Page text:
Gen. Scott Miller, the top U.S. commander in Afghanistan, has taken over at a pivotal moment in America's longest war.

The four-star general was here right after Sept. 11, 2001.

"Did you ever think that right after 9/11 when you were here that you’d be here all these years later as commander?" asked ABC News and "World News Tonight" anchor David Muir, as the two traveled by helicopter from Kabul to Camp Commando, a few miles south of Afghanistan’s capital.

"Absolutely not. I didn’t think it’d be 17, 18 years later," Miller said.

Miller took Muir and the ABC News team to the camp to see what the military deems could be a crucial part of any possible endgame in the war in Afghanistan.

At the camp, U.S. Special Forces are training Afghan forces as the Americans keep watch. The Afghans -- with support from the coalition and under Miller -- have accelerated the fight against the Taliban. Negotiations between the U.S. and the Taliban are ongoing in an attempt to end the war, even as special forces continue to move against the group with deadly force.

In January, U.S. Special Representative for Afghanistan Reconciliation, Ambassador Zalmay Khalilzad, defended talks with the militant group.

"The political talks, I do think are, are positive. I've talked about this fight multiple times -- and it is a fight. Neither side will win it militarily, and if neither side will win it militarily you have to move into a -- towards a political settlement here," Miller told Muir.

Sept.2, 2018 file photo, provided by the U.S. Air Force, shows U.S. Army Gen. Scott Miller, commander of U.S. and NATO troops in Afghanistan, delivering remarks during the Resolute Support mission change of command ceremony in Kabul, Afghanistan. Afghan officials said, Oct. 18, 2018 that three top Kandahar province officials were killed by their own guards in an attack at a security meeting that also wounded two U.S. troops. NATO officials say Miller escaped unharmed.(U.S. Air Force/Tech. Sgt. Sharida Jackson, via AP) Sept.2, 2018 file photo, provided by the U.S. Air Force, shows U.S. Army Gen. Scott Miller, commander of U.S. and NATO troops in Afghanistan, delivering remarks during the Resolute Support mission change of command ceremony in Kabul, Afghanistan. Afghan officials said, Oct. 18, 2018 that three top Kandahar province officials were killed by their own guards in an attack at a security meeting that also wounded two U.S. troops. NATO officials say Miller escaped unharmed.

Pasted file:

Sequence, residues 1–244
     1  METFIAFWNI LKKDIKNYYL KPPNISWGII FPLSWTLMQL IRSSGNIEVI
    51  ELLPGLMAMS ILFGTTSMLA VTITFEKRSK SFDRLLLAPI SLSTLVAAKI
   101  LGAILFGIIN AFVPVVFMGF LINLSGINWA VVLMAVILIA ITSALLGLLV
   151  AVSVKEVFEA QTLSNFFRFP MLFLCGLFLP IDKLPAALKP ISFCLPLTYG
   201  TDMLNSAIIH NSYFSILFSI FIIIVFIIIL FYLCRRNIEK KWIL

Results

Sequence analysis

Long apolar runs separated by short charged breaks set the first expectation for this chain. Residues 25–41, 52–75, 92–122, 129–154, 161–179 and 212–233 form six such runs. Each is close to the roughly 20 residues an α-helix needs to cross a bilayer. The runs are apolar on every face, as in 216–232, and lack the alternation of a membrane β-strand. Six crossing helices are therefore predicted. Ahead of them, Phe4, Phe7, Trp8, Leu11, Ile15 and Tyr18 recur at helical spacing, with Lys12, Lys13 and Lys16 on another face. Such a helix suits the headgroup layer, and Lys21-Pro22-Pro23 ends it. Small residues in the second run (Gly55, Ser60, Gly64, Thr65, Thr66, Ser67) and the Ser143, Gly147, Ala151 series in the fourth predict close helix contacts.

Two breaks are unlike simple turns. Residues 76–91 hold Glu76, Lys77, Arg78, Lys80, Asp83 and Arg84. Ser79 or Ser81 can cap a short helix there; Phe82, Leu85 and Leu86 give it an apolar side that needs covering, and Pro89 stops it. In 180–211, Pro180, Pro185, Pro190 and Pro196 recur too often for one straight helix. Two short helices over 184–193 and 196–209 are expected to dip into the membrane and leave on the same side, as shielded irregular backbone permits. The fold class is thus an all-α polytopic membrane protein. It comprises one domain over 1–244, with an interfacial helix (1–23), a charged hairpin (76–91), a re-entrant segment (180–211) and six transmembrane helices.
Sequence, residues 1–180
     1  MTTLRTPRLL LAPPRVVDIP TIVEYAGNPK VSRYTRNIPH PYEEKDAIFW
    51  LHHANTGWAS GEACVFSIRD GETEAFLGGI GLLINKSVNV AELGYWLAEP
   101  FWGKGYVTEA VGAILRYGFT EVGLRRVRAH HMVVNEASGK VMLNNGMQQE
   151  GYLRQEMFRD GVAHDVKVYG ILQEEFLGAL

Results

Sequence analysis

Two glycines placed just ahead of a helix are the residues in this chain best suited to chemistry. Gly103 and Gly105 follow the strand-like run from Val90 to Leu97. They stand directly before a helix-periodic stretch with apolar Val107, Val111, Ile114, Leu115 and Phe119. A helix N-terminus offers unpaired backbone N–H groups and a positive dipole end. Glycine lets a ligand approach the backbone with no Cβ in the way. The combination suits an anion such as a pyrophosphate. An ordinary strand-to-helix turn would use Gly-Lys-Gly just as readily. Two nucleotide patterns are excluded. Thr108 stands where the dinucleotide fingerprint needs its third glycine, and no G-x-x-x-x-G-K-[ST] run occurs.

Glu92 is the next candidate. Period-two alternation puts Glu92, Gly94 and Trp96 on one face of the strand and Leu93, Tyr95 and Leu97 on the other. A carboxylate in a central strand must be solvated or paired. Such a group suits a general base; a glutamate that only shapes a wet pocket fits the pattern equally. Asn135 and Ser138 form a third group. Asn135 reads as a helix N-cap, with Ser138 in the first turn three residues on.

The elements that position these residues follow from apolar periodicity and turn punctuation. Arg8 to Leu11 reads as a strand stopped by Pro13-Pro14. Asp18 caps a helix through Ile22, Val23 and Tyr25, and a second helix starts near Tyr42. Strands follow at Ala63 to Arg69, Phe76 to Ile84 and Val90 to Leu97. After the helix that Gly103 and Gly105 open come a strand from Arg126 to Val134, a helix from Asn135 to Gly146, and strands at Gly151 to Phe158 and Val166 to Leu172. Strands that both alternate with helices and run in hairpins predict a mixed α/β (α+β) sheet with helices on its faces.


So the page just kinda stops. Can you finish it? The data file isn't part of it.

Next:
"But do you think those political talks with the Taliban are key part of any endgame here?" Muir asked.

"Absolutely," he said.

Just weeks ago, Afghan special forces, backed by the Americans, stormed a Taliban prison to rescue their own troops being held captive inside, according to a military public information officer.

Muir’s visit to troops in Afghanistan comes amid reports that President Donald Trump wants to reduce the American presence in Afghanistan, eventually putting an end to America’s longest war.

There are currently about 14,000 U.S. troops serving in a counterterrorism mission against the Taliban and ISIS, and as part of a train, advise and assist mission for Afghan security forces.

"There have been reports the president would like to see a drawdown of U.S. troops here (in) Afghanistan. Has there been any order to do that?" Muir asked.

"No. ... First of all, I have the authorities of the capabilities that I need from the U.S. and the coalition standpoint to work with our Afghan partners. At the same time, as a commander, I'm always trying to bring the footprint down, bring our force structure down," Miller said.

The U.S. commander made it clear that he is a general, not a policymaker, and that he would follow his chain of command as well as President Trump.

U.S. military officials told ABC News that part of any endgame for them was making sure that Afghan forces were prepared to fight the insurgency, which also now includes ISIS in Afghanistan.

Afghan forces are fighting ISIS with support from U.S. airstrikes, but unlike the Taliban, ISIS has no desire to negotiate, officials said.

Miller made clear that there was no endgame in Afghanistan that provided a safe haven for terrorists.

"In 2001, it was very clear to the world what we were doing in Afghanistan. In 2019, there still are national interests that need to be safeguarded," he said.